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Payment Processing in 2003: Understanding Risk Management

By Jared Isaacman

As a core department, risk management serves as an equilibrium between profitability and exposure to potential loss. Risk limits the acquiring and issuing side of banking; however, Merchant Level Salespersons (MLS) often are not educated on the purpose and importance of risk management. This is unfortunate and has several negative ramifications.

Knowledge of risk management ultimately will enable sales professionals to better understand underwriting, profitability, pricing, attrition and the resale value of a merchant portfolio. Other topics this articule will cover in detail include definitions and explanations of the TMF (Terminated Merchant File)/MATCH (Member Alert to Control High-risk), and what to do if actively involved in a risk investigation with a processor.


Accurate completion of the merchant application is critical because it ultimately serves as a legal contract upon approval of the merchant to accept credit cards. Average ticket, monthly volume, merchandise and/or service sold are extremely important, requiring precise attention. Underwriting approves a merchant based on the parameters indicated; if those parameters shift significantly, a merchant may be placed under review.

The higher the average ticket, the greater the potential risk exposure. A chargeback of $2,000 is more likely not to clear a merchant's checking account than a $100 chargeback. Often, a merchant with a high average ticket is asked to submit recent copies of recent checking account statements in addition to the application. The merchant should always have sufficient funds available for a chargeback or processing fees to clear.


Although TMF is a word from the past and "MATCH" is the more diplomatic terminology, all the terminated merchant accounts remain documented. Visa and MasterCard members both contribute to the combined MATCH list; however, MasterCard hosts and regulates the use and access of the system.

Regulations state that only the member bank may administer and add/remove merchants from this system, but in some circumstances MSPs are permitted to use it. MATCH has become the first line of defense for acquirers and processors.

The system works by manually entering or batching data through MasterCard's online system for inquiry. When the systems identifies a merchant, there are two possible replies: Exact Match or Partial Match.

  • Exact Match: business name, tax ID#, phone number, owner name, SS#
  • Partial Match: business address, owner address

It has become widely accepted that merchants will not be approved if an Exact Match is the result, and merchants will be investigated for a Partial Match. Although member banks are not prohibited from approving merchants on the MATCH system, it is highly discouraged and regarded as an unnecessary risk.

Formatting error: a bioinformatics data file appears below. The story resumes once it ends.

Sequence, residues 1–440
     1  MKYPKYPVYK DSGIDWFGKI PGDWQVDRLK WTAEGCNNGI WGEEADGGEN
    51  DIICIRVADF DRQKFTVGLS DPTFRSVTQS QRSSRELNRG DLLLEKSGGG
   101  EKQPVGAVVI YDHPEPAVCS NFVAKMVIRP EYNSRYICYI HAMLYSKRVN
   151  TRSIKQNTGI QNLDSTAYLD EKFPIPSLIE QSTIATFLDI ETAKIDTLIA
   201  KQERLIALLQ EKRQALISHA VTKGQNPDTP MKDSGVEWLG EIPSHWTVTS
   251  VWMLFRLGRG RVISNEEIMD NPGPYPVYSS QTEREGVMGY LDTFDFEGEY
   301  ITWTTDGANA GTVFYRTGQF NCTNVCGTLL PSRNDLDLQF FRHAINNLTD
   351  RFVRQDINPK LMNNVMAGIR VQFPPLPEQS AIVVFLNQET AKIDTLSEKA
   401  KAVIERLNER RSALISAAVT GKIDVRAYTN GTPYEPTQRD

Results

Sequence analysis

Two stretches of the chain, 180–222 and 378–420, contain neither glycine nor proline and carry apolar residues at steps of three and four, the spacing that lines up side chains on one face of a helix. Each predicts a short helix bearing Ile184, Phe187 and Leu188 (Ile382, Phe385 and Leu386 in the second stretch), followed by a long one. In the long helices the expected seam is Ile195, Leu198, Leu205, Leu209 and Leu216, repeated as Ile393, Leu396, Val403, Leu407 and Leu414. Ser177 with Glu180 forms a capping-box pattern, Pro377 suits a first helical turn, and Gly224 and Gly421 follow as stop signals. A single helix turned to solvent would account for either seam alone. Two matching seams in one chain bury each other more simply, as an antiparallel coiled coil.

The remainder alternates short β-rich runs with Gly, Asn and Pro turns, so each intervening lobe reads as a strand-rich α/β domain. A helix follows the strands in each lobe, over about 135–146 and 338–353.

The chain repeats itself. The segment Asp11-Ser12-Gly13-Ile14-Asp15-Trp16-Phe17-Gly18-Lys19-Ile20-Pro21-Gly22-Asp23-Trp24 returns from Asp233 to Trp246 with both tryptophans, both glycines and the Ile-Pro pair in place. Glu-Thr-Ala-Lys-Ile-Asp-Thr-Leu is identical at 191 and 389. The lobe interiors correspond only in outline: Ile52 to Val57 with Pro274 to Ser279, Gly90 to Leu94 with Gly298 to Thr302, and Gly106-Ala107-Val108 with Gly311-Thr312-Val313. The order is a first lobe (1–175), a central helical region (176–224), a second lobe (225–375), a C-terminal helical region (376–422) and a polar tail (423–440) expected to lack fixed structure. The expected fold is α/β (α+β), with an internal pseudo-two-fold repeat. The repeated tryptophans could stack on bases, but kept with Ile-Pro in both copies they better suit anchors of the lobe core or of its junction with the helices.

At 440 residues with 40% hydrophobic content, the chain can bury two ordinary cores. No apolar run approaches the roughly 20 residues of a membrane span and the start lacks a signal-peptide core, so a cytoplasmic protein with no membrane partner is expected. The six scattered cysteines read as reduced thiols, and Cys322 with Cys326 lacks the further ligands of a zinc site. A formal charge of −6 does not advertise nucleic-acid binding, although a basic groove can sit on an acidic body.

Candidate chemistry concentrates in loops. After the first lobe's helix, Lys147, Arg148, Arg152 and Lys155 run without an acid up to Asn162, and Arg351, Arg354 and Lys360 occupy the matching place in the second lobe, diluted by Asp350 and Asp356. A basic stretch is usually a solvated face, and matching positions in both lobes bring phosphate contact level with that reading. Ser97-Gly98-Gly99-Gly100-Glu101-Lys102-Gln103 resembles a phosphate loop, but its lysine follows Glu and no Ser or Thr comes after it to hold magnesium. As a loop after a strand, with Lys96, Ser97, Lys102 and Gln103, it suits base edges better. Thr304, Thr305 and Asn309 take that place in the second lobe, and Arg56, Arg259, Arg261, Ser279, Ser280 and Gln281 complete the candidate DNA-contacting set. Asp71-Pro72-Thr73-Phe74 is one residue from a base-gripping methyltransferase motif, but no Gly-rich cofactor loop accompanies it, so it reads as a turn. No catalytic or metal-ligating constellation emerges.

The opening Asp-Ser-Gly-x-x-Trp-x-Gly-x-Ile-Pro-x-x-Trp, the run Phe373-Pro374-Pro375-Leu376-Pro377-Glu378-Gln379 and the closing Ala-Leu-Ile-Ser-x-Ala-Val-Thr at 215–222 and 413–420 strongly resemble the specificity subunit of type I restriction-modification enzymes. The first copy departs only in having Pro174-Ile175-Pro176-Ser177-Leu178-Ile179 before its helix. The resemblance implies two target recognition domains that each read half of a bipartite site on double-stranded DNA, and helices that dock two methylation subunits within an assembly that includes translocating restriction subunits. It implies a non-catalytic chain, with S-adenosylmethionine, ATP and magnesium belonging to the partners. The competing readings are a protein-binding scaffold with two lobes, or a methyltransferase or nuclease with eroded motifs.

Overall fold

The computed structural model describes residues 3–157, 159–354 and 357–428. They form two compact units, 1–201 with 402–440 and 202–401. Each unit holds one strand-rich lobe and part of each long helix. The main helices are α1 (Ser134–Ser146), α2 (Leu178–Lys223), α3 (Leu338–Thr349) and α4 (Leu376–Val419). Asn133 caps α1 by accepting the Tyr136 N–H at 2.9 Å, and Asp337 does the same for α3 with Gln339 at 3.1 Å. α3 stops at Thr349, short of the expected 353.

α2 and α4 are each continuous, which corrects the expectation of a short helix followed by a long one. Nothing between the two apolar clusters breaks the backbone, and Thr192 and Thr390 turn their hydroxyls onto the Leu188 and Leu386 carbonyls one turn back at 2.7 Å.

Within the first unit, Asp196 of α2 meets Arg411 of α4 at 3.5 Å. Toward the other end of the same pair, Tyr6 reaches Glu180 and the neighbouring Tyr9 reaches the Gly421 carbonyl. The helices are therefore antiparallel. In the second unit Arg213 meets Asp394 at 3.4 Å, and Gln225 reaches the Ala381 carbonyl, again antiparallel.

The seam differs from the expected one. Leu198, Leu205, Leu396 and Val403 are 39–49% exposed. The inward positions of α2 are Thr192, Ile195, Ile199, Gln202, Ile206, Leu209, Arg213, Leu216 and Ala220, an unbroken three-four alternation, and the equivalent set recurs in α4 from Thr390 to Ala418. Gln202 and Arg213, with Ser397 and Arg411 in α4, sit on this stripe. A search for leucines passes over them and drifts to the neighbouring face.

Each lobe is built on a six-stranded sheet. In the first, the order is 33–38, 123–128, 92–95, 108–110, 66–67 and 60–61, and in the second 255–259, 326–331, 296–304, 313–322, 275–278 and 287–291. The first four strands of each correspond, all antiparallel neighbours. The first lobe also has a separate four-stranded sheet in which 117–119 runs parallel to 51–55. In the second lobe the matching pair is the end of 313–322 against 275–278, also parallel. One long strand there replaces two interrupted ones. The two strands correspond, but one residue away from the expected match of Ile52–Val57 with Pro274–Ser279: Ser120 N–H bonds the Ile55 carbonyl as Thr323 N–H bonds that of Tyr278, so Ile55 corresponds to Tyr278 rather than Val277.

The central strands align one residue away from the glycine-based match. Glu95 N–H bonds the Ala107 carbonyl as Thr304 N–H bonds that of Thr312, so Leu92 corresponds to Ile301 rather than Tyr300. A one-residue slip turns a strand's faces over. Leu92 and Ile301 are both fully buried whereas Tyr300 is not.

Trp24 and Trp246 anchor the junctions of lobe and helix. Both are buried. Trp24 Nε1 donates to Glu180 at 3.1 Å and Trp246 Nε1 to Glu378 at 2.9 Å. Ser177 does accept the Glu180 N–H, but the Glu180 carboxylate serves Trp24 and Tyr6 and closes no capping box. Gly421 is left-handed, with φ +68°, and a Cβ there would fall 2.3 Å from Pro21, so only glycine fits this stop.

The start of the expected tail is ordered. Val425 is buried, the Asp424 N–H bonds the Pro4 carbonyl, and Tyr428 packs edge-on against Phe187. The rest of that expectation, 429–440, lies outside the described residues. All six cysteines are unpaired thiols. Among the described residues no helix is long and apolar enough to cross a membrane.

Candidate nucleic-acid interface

The acquirer who places a merchant on the file has the sole ability to remove the merchant. This is uncommon yet happens more than one would expect. Placing a merchant on MATCH may seem excessive in some circumstances, but it is mandated that a merchant terminated for one of the reason codes listed below is placed on the MATCH file. If the acquirer fails to do so, and the merchant causes another member bank monetary losses, the original member can be liable for those damages.

Merchants can be added to MATCH for any one of the following reason codes:

  • 01 - Excessive Counterfeit
  • 02 - Unauthorized Cardholder Charges
  • 03 - Laundering/Factoring
  • 04 - Excessive Chargebacks
  • 05 - Excessive Fraud (8% violation rate)
  • 06 - Violation of Merchant Agreement
  • 07 - Fraud Conviction

Most reason codes are very specific; some leave room for interpretation. There always is a possibility that a good merchant could be placed on MATCH and doesn't deserve that designation. The ratio still makes MATCH a necessary defense for the acquiring industry.

Risk Investigation Do's and Don'ts

Being involved in a risk investigation can be a good thing. The bank or processor is requesting assistance to eliminate a potential loss and maintain the merchant account. In most instances an invoice, signed sales slip or imprint could resolve the issue.

Risk managers do not intend to lose a merchant account; the concept is to eliminate the risk and maintain the relationship. Cooperating with risk management to accomplish that goal ensures a lower attrition rate.

Merchants always should be willing to work with risk management. Although a merchant may become frustrated, the primary reason signed sales slips and imprint cards are required is in the event the bank or processor should request them. Typically, once the requested paperwork is received, a validation from the issuing bank can resolve the situation entirely. Other variables can delay the process, including issuers who are extremely uncooperative with acquirers.

Never try to convert a merchant while in the middle of a risk investigation. This will jeopardize the merchant's ability to process bankcards, with the recourse being a delay on the settlement of funds being held.

The risk manager is responsible for decreasing the risk exposure and retaining the merchant account. Interference may place the merchant on the MATCH file. Always make sure a merchant has satisfied obligations to the processor or bank before attempting to convert an account.

Jared Isaacman is Director of Operations for United Bank Card, Inc. He may be reached directly at or 908-638-5326, ext. 120.

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